Pretty plates

Edible flowers add more color and flavor to your summer dishes.

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Quinoa and peach salad with edible flowers. —Catherine Walthers

“This is my invariable advice to people: Learn how to cook — try new recipes, learn from your mistakes, be fearless, and above all — have fun.” —Julia Child

In the spirit of Julia Child and having fun in the kitchen, learning about edible flowers can bring art, beauty, and whimsy to your cooking time.

While not all flowers are edible, like daffodils or buttercups, many are perfectly fine to eat and use. It’s still not that easy to find edible flowers in supermarkets, so growing them or looking around your surroundings is probably the best way to start. (See below for one great source of local edible bouquets.) Each Island spring you can find dainty violets hiding in your untreated grass, white and pink roses blooming along beach roads, and yellow mustard flowers among wild spring greens — all tasty. Summer, however, is the prime time for edible flowers, even though you find some real beauties in the fall, including pineapple sage, which blooms with elongated scarlet flowers through October. The pineapple sage flowers taste sweet and fruity, with a hint of mint and the scent of pineapple when crushed.

When you discover and start using edible flowers, you gain an additional tool in the kitchen. Dashes of purples, yellows, pinks, and oranges — the palette of edible flowers makes food and drinks look even more appealing as they leave your kitchen. Sometimes a whole flower works best, maybe a red-orange nasturtium topping a salad or floating in a punch. 

Calendula, bachelor buttons, nasturtium, lavender, and bee balm (bergamot). —Catherine Walthers

My eyes opened to edible flowers the year I planted an experimental section of medicinal herbs, not far from the culinary herbs like parsley and basil. I learned that quite a few of the medicinal herbs — like borage, calendula, and echinacea — bloom all summer with edible flowers and this became the prettiest section. I also learned how useful they could be. The daisy-like orange and yellow calendula flowers made their appearance in almost everything, from salads to yogurt parfaits to weekend crepes. The borage flower, with its star shape and bluish-purple leaves, became a favorite. It tastes like cucumber, and has been around since ancient times, said to impart courage and trigger positive thoughts. I popped one in my mouth each time I walked by. I’m just beginning to learn about medicinal uses for both flowers and leaves. Echinacea flowers, or coneflowers, have been used in both traditional and folk medicine for centuries, often brewed in teas. Pineapple sage flowers are said to have antidepressant and anti-anxiety properties.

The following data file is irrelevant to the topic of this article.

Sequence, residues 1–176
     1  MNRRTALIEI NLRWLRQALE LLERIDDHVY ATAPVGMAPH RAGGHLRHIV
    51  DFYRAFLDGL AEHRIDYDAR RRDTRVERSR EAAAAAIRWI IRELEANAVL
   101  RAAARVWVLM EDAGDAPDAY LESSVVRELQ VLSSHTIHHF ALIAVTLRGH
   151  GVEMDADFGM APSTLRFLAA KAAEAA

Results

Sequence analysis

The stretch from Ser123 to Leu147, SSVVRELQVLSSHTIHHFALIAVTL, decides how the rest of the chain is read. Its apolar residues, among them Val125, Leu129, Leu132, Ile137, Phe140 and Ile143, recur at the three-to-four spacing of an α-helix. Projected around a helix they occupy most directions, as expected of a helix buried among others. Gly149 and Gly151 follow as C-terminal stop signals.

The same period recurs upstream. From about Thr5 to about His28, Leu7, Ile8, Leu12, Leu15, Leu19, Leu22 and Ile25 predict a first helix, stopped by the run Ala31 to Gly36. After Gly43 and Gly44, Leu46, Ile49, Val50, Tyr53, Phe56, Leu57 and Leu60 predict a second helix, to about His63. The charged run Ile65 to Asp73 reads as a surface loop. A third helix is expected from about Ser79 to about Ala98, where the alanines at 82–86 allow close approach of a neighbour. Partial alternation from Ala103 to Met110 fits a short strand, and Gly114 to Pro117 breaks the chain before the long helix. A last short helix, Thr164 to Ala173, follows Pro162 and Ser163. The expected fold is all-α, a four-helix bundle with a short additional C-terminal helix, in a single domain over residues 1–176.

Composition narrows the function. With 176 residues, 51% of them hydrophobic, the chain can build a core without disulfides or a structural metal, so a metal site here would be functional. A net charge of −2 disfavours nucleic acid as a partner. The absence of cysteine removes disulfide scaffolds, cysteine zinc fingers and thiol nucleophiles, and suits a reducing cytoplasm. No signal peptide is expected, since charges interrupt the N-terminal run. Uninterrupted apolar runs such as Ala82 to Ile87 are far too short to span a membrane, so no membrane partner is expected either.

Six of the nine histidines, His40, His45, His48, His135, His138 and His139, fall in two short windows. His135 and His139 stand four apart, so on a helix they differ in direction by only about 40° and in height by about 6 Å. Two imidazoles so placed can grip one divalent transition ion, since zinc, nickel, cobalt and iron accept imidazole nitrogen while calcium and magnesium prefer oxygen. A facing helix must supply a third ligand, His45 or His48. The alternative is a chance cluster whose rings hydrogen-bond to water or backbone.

“Many edible flowers are nutritional and medicinal powerhouses,” says Rebecca Gilbert of Native Earth Teaching Farm in Chilmark. When she wrote her book “Weedy Wisdom for the Curious Forager,” published last year, she included a whole chapter called Eating Flowers. Along with recipes for candied flowers or making tea blends with flowers, she suggests floating edible flowers in hot or cold soups, flavoring butter cookies and cakes, freezing in ice cubes or adding to butters, jams, honeys, and sugars. “They always seem like a special kind of gift,” she says. “And they make such a dramatic statement, they can really make a forager shine!” 

Gilbert reminds us not to overlook the garden plants that produce their own edible flowers, like thyme, cilantro, and dill, as well as squash, arugula, kale, and beans. The orange flowers from scarlet runner beans are among her favorites, and those might look great with a plate of tomatoes. The “side effect is that you don’t have to plant anything special,” says Gilbert. The edible dill blossoms come in wispy, wide-spreading formations called “umbels” with tiny golden yellow petals that look nice on food platters.

This season, Gilbert is trying a new Asian flowering herb called “Tong Hao.” She bought seeds from Second Generation, a seed company that specializes in heirloom Asian plants. It describes Tong Hao as a type of chrysanthemum, having “a big, bright, fresh herby flavor, with a crunchy, juicy stem that makes it the highlight of any hot pot.”

While some flowers have interesting flavors like pineapple and cucumber, many taste sweet for the pollinator bees they are meant to attract. Still others are spicy or reminiscent of the herb or plant itself, like arugula or kale flowers. It’s helpful to taste each variety and get to know the flavors yourself — you may not want to use a garlicky chive blossom on a dessert or a pungent white cilantro flower in your iced tea. And invite your guests to sample and enjoy the edible flowers; people don’t often know they can.

When you pick flowers, check for any insects feeding inside the flower, but avoid rinsing or soaking. Most are too delicate for this step. If not using immediately, keep chilled in the fridge until ready to use.

An assortment of edible flowers. —Catherine Walthers